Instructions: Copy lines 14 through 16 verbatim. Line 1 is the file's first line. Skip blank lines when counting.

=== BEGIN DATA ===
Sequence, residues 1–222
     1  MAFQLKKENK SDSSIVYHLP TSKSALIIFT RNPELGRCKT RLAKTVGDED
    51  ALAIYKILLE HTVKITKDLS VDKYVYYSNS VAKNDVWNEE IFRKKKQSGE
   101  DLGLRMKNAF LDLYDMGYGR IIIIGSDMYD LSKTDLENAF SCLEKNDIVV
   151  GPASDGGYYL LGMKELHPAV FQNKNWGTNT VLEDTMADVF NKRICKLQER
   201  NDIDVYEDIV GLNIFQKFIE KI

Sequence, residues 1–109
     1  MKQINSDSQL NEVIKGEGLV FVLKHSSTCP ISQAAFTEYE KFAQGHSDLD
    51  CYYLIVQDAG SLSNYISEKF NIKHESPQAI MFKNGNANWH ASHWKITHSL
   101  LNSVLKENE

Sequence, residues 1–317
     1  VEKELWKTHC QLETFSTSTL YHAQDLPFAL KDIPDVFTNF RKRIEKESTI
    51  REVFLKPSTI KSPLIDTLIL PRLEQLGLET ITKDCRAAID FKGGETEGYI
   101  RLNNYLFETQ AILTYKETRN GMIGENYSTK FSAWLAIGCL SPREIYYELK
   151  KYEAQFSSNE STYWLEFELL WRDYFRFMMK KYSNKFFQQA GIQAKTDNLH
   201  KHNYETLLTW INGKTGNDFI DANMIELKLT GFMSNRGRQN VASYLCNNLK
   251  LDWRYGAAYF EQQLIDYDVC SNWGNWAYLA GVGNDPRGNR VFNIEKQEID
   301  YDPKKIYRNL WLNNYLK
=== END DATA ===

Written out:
   101  RLNNYLFETQ AILTYKETRN GMIGENYSTK FSAWLAIGCL SPREIYYELK
   151  KYEAQFSSNE STYWLEFELL WRDYFRFMMK KYSNKFFQQA GIQAKTDNLH
   201  KHNYETLLTW INGKTGNDFI DANMIELKLT GFMSNRGRQN VASYLCNNLK